It has been commonplace to speak of central bank independence—as if it were both a reality and a necessity. Discussions of the Fed invariably refer to legislated independence and often to the famous 1951 Accord that apparently settled the matter.  While everyone recognizes the Congressionally-imposed dual mandate, the Fed has substantial discretion in its interpretation of the vague call for high employment and low inflation. For a long time economists presumed those goals to be in conflict but in recent years Chairman Greenspan seemed to have successfully argued that pursuit of low inflation rather automatically supports sustainable growth with maximum feasible employment.
In any event, nothing is more sacrosanct than the supposed independence of the central bank from the treasury, with the economics profession as well as policymakers ready to defend the prohibition of central bank “financing” of budget deficits. As in many developed nations, this prohibition was written into US law from the founding of the Fed in 1913. In practice, the prohibition is easy to evade, as we found during WWII in the US when budget deficits ran up to a quarter of GDP. If a central bank stands ready to buy government bonds in the secondary market to peg an interest rate, then private banks will buy bonds in the new issue market and sell them to the central bank at a virtually guaranteed price. Since central bank purchases of bonds supply the reserves needed by banks to buy bonds, a virtuous circle is created so that the treasury faces no financing constraint. That is what the 1951 Accord was supposedly all about—ending the cheap source of US Treasury finance.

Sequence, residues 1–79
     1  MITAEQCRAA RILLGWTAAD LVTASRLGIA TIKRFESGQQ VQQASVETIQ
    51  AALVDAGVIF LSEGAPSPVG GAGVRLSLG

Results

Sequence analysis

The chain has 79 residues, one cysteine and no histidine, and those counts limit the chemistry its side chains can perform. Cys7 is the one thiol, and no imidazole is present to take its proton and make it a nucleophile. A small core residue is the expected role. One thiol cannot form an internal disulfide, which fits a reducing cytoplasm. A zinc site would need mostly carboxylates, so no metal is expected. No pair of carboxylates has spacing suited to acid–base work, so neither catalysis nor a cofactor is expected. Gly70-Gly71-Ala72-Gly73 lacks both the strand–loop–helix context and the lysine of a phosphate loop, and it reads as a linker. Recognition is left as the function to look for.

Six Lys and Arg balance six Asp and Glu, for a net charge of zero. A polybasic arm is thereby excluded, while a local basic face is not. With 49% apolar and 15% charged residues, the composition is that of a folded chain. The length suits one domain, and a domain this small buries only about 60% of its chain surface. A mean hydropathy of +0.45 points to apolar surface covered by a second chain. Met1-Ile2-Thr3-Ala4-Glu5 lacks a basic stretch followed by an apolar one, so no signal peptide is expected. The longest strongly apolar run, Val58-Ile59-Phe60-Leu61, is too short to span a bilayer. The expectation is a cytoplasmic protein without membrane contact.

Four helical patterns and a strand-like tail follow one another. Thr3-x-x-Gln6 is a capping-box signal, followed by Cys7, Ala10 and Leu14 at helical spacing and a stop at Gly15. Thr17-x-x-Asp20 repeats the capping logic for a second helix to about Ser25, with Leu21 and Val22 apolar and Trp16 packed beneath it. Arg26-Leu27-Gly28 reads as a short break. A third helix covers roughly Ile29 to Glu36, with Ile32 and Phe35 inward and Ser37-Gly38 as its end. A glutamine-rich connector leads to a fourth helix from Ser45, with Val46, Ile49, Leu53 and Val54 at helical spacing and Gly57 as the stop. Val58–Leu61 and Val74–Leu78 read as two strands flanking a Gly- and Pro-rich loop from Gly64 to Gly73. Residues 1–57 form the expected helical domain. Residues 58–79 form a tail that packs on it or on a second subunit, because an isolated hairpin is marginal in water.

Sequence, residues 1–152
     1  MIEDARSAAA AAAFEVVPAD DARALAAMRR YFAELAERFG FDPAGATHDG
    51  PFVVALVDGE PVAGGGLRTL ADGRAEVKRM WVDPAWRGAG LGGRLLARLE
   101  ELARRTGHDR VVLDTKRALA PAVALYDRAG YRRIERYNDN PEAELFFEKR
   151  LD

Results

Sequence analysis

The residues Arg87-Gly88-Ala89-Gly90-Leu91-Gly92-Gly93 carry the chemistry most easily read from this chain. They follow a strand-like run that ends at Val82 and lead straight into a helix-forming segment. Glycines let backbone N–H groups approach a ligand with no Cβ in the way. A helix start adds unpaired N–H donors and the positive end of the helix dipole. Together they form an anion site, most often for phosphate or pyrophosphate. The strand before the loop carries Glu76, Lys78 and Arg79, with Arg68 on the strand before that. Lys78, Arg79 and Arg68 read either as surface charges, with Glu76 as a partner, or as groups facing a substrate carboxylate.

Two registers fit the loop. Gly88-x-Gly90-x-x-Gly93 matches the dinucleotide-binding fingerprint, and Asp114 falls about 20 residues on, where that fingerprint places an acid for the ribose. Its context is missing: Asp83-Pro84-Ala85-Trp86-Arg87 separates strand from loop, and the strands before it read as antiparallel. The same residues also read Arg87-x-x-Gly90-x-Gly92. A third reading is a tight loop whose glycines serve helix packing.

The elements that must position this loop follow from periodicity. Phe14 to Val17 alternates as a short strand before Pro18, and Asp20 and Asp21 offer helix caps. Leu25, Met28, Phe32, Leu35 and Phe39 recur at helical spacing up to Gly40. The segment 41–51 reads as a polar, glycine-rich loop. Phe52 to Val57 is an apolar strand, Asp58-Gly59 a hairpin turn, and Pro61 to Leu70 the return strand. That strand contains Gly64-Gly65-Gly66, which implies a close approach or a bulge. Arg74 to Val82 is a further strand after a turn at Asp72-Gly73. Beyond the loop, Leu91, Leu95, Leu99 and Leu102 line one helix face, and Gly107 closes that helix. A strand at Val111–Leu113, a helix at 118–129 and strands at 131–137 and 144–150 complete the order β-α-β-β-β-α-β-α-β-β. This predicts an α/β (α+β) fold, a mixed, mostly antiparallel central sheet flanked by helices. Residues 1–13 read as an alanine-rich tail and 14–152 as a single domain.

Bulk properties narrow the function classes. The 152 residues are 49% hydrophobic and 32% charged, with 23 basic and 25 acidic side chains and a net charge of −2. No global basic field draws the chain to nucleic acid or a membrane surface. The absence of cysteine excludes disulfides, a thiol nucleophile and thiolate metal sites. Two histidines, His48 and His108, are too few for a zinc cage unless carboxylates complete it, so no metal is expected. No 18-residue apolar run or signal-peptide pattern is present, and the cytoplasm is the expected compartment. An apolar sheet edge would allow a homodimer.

Since the Global Financial Crisis hit in 2007 these matters have come to the fore in both the US and the European Monetary Union. In the US, discussion of “printing money” to finance burgeoning deficits was somewhat muted, in part because the Fed purportedly undertook Quantitative Easing to push banks to lend—not to provide the Treasury with cheap funding. But the impact has been the same as WWII-era finances: very low interest rates on government debt even as a large portion of the debt ended up on the books of the Fed, while bank reserves have grown to historic levels (the Fed also purchased and lent against private debt, adding to excess reserves). While hyperinflationists have been pointing to the fact that the Fed is essentially “printing money” (actually reserves) to finance the budget deficits, most other observers have endorsed the Fed’s notion that QE might allow it to “push on a string” by spurring private banks to lend—which is thought to be desirable and certainly better than “financing” budget deficits to allow government spending to grow the economy. Growth through fiscal austerity is the new motto as the Fed accumulates ever more federal government debt and suspect mortgage-backed securities.